The Croatian newspaper Jutarnji Vijesti (Morning News) published in Zagreb has a longish article about Waugh’s career in Yugoslavia in WWII and his connections with that country afterwards. The story opens with a description of a silk scarf on display in Rijeka. This is an example of a scarf worn by British aviators in WWII that was designed to be insoluble in water and displayed accurate road networks to facilitate escape routes for those in downed aircarft:
The scarf on display belonged to the English pilot [sic] and writer Evelyn Waugh who in 1944 survived a crash somewhere in the area of Petrova Gora…It is the original “escape map” that was worn by English pilots; this was confirmed in conversation with Mladen Urem, [who is related to a Dr Kučić, who in turn is said to have treated Waugh after the crash and was given the scarf.]… Urem, who donated the scarf to the museum in Rijeka, explains that the origin of the scarf is an “urban legend” but does have a factual basis. Waugh actually survived a plane crash in 1944 in the area of Petrova Gora, and in this area a Dr. Zdravko Kučić was head of the IV. Army medical corps. Doctor Kučić after 1945 became the director of the Rijeka hospital, which now bears his name. After all, Waugh described 1944 events in Croatia in a novel–reports Urem– and this is the most interesting fact related to the story of the silk scarf.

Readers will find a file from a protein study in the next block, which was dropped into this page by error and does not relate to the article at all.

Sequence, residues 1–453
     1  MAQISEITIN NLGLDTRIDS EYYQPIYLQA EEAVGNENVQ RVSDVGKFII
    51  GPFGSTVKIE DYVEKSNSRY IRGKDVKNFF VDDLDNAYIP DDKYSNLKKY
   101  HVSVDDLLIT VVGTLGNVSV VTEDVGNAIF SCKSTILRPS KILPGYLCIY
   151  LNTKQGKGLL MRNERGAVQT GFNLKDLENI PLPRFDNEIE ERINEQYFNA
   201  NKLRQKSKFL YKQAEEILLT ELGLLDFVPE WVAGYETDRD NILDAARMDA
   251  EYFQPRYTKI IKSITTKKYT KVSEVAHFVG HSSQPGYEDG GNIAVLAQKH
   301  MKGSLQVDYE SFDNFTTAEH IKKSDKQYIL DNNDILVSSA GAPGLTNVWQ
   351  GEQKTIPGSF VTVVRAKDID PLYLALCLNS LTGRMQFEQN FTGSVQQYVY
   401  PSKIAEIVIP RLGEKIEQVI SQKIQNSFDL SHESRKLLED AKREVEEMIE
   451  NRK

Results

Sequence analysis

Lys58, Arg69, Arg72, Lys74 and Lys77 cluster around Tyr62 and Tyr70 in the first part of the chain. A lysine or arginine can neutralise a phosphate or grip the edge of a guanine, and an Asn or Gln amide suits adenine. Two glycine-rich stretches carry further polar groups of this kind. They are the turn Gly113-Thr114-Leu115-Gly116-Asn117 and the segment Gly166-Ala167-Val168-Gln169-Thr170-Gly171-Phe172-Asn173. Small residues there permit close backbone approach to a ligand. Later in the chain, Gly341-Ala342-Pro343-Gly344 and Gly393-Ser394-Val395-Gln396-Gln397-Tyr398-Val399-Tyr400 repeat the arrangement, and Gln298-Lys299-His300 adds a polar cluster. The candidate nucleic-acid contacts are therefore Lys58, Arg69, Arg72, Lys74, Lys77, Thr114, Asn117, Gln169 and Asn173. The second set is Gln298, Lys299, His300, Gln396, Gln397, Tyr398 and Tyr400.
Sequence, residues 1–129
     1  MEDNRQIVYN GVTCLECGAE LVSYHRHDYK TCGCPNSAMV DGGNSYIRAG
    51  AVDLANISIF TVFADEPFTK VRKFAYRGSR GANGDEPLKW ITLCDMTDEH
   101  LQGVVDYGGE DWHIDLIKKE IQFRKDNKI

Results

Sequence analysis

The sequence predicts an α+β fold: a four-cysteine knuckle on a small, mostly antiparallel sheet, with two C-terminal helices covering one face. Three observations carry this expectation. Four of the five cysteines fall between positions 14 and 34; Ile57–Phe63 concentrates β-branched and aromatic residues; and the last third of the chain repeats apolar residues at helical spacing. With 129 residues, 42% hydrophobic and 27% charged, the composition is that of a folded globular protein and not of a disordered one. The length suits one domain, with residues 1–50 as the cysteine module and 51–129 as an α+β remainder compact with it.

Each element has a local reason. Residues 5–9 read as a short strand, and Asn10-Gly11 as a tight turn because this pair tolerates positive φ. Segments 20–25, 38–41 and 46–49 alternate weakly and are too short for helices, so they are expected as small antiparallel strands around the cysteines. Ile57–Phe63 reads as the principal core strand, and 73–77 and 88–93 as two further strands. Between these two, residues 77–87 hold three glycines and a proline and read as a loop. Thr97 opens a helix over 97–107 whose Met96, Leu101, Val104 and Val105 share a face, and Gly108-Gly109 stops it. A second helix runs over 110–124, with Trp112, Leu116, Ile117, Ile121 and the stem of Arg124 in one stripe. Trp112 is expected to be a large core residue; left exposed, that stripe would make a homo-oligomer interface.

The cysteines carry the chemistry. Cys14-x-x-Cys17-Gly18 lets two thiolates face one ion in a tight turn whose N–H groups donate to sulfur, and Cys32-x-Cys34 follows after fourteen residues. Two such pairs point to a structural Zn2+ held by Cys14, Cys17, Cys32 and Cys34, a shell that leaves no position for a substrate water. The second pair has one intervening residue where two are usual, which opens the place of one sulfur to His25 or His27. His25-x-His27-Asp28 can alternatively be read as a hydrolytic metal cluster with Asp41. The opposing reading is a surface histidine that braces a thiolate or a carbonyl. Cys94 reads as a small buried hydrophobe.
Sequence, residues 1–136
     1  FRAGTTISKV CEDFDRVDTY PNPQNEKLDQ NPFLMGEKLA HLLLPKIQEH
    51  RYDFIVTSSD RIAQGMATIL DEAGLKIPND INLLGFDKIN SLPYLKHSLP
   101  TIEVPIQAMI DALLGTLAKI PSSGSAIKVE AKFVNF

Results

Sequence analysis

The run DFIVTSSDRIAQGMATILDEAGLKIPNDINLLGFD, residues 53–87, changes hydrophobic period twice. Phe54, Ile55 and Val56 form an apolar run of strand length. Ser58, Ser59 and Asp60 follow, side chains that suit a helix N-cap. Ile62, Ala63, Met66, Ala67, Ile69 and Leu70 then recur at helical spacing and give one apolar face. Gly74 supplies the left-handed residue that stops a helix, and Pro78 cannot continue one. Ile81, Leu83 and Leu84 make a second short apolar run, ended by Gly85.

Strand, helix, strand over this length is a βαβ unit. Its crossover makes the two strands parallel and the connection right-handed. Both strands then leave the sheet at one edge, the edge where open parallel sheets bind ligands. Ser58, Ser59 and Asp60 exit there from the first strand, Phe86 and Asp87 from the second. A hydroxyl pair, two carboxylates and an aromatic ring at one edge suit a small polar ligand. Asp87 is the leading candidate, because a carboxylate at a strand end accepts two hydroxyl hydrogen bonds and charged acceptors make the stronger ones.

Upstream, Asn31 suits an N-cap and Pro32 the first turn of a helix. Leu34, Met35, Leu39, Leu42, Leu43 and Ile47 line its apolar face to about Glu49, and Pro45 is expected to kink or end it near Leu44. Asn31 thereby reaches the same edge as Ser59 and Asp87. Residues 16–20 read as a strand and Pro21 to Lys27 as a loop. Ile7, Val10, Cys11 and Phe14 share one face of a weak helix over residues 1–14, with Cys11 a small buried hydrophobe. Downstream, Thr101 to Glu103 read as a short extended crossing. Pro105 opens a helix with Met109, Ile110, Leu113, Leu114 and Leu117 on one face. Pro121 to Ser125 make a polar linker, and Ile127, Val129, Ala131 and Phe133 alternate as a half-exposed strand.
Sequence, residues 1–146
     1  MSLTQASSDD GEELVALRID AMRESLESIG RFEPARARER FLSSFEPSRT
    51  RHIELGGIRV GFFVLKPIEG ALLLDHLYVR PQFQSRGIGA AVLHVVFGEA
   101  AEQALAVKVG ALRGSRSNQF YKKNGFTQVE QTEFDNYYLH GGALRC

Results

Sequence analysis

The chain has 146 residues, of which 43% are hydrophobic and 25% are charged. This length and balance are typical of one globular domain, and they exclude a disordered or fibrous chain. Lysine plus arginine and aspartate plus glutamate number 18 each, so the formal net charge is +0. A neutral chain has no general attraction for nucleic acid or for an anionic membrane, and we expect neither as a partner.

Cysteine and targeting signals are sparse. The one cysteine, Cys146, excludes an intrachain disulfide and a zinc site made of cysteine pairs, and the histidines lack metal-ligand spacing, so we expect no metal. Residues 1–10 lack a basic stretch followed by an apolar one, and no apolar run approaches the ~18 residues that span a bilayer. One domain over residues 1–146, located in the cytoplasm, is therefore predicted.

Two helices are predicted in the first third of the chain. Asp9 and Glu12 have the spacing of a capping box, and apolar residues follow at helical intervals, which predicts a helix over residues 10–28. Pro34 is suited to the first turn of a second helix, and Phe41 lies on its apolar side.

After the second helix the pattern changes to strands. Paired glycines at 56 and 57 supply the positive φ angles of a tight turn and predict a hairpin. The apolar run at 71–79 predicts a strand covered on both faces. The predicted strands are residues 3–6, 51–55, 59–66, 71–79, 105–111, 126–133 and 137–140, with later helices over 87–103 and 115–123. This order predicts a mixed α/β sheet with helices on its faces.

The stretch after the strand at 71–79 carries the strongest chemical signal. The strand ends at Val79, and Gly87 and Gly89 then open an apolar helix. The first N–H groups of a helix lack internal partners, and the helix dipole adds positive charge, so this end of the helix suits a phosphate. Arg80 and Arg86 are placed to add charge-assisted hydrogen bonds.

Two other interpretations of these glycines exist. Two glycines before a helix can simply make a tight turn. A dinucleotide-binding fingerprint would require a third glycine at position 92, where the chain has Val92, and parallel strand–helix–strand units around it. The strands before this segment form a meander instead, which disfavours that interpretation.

The article goes on to describe Waugh’s service in Yugoslavia, his identification of Marshall Tito as a woman, and his preparation of a study of church-state relations in the aftermath of the war. The story also says that Waugh’s war trilogy Sword of Honour (Počasni mač) could not be printed in a Croatian (or at the time Serbo-Croatian) translation while Tito was still alive. After his death, all three volumes were published separately in a 1993 Croatian edition. The cover from volume 3, Unconditional Surrender (Bezuvjetnoj predaji), which deals with Guy Crouchback’s Yugoslavian experiences, is reproduced in the article. There are also several other interesting photographs, including one of Waugh with a group of soldiers and a detail from the scarf. The translation is by Google with considerable editing and simplification. Here’s the full translated version but, be warned, it is fairly rough.
UPDATE (11 January 2017): The translation from the Croatian newspaper has been modified to clarify that Dr Kučić was given the scarf during the war and one of his heirs donated the scarf to the museum in Rijeka.